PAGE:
It is quite obvious that Armstrong is not trying to pass off these fanciful recreations as anything else but fabrications that offer information that could only be gleaned from the subject himself via his memoirs. Deborah Kennedy, the actress who plays Orry-Kelly’s mother, Florence is particularly entertaining and a welcome site between realities. Of course the tricky part would be in presenting the man himself, but actor Darren Gilshenan does an admirable job, imbuing the role with the charm of an Australian puck. Those actually interviewed include such luminaries as Jane Fonda, Angela Lansbury, Leonard Maltin, and costume designers Colleen Atwood, Anne Roth, Kym Barrett and Deborah Nadoolman Landis.

Generally, most people don’t know who Orry-Kelly is, not even those who work in the movie business. This surprised me as I thought everyone in the industry knew him. But then I’m a huge classic film fan who thinks everyone should know when the first Hollywood red carpet premier happened, at which theater, screening what film, and know who stared in it (Douglas Fairbank’s Robin Hood at the Egyptian in Hollywood in 1922). Perhaps you are more familiar with Adrian? Oleg Cassini? Certainly, Edith Head? These are all names of famous Hollywood costume designers. And Orry-Kelly is considered to be among the greats of his profession. This is a fact that Armstrong is adamant about sharing with the world, especially since she too was previously ignorant of her fellow countryman. She had never been a particular fan of classic films (her words) from the era in which Orry-Kelly worked. Her film school influences came from the French New Wave, Antonioni, Fellini, and Bergman; essentially everything that is the antithesis of the Hollywood Studio System, which at the time of her education was looked upon as being dead. So, it was her research for this documentary that gave her exposure to the wonders that are considered classic Hollywood cinema. She has, “huge respect for them now” and declares to have a favorite actor, film and director from the Golden Age all because of her research.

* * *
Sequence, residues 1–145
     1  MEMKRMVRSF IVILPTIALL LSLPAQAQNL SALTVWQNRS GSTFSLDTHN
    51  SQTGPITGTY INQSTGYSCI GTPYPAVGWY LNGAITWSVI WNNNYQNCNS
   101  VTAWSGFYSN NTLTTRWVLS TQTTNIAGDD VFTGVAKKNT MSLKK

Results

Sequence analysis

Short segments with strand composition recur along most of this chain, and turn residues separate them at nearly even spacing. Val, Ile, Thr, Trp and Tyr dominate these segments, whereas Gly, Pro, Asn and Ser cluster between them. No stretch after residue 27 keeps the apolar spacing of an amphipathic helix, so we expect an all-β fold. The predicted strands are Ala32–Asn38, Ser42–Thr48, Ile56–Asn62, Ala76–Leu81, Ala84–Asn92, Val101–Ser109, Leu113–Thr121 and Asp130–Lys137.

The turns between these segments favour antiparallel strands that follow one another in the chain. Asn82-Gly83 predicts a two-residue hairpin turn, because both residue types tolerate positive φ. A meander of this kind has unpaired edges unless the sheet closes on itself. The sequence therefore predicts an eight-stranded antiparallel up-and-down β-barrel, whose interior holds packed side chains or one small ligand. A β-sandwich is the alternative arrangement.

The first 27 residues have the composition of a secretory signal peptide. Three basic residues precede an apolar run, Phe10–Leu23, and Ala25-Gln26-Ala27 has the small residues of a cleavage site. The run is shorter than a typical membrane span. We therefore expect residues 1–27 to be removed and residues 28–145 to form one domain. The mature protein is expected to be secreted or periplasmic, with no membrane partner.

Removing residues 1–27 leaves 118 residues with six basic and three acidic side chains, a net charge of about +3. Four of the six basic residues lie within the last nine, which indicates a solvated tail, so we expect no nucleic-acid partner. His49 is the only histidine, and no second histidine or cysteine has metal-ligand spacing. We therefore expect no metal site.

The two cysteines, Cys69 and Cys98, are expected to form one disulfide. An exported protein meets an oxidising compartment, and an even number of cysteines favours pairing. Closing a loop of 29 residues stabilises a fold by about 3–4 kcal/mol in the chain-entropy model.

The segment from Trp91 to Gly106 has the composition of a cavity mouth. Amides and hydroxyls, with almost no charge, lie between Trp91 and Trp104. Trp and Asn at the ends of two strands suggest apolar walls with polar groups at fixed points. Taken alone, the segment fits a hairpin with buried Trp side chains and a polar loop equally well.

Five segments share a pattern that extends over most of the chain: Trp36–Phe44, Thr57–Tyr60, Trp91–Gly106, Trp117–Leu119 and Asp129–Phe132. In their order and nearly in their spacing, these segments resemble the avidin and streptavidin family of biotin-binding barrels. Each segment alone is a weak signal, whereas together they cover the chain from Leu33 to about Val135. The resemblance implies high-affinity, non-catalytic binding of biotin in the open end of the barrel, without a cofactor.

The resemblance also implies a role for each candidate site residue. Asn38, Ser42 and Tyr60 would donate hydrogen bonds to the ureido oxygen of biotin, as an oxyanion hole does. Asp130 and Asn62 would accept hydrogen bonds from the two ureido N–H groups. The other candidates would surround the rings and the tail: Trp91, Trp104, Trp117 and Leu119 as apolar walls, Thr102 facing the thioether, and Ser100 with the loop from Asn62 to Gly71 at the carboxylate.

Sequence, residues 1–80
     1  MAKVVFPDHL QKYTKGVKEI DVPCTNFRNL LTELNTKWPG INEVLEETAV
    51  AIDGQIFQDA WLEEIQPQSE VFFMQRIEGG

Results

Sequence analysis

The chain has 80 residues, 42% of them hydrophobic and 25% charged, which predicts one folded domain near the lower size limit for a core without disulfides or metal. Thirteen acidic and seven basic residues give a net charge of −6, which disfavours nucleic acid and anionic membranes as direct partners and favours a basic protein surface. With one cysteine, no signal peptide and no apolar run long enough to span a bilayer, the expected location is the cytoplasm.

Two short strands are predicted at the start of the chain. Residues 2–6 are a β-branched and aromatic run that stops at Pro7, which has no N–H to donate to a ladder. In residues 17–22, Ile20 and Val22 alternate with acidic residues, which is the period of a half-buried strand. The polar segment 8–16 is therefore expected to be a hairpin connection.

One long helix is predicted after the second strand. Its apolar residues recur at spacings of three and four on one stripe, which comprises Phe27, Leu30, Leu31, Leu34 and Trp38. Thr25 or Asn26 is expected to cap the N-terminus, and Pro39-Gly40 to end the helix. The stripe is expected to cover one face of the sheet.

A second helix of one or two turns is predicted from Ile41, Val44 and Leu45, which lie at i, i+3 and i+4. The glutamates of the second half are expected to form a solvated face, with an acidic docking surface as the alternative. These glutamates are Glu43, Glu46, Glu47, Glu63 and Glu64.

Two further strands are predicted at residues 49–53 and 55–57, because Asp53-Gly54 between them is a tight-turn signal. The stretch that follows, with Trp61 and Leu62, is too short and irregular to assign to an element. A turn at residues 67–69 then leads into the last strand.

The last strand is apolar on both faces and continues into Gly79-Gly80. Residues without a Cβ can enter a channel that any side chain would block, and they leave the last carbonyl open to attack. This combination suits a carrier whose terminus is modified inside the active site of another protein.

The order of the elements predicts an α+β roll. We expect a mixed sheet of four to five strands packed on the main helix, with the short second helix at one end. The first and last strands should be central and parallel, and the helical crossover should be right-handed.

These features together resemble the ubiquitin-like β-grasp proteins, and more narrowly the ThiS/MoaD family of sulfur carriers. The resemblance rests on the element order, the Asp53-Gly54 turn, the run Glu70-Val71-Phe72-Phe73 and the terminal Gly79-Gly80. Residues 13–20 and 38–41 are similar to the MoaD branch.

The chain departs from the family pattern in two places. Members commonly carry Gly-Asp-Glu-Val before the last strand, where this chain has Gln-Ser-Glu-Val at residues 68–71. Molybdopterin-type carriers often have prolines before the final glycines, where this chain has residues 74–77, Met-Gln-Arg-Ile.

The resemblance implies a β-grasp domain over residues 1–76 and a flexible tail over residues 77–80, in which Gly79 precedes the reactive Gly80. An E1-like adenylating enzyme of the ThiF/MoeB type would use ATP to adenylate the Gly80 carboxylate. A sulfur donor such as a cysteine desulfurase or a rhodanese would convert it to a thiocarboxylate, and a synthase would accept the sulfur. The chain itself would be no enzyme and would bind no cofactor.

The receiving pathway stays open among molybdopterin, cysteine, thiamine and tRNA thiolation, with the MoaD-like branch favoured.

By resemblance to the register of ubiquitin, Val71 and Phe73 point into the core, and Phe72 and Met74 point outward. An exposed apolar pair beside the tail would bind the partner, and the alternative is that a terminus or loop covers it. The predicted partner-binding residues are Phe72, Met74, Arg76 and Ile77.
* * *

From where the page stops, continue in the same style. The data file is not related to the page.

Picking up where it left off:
I understand why Armstrong felt compelled to honor Orry-Kelly’s rise and fall, and rise again fairy-tale story. He was one of the most prolific and spectacularly talented costume designers of Hollywood's golden age after all, and deserves the recognition as one of the first Australians to make such a lasting mark upon the film industry. His career spanned four defining decades of cinema glamour, and his work dressed the crème de la crème of the silver screen including Bette Davis, Rosalind Russell, Barbara Stanwyck, Ingrid Bergman, Marilyn Monroe, and Shirley Jones among many, many others while working on such classics as Jezebel, Casablanca, Oklahoma, Some Like It Hot, An American In Paris and Auntie Mame! So why doesn’t the public know him better. Unfortunately, it’s probably because of old-fashioned prejudice.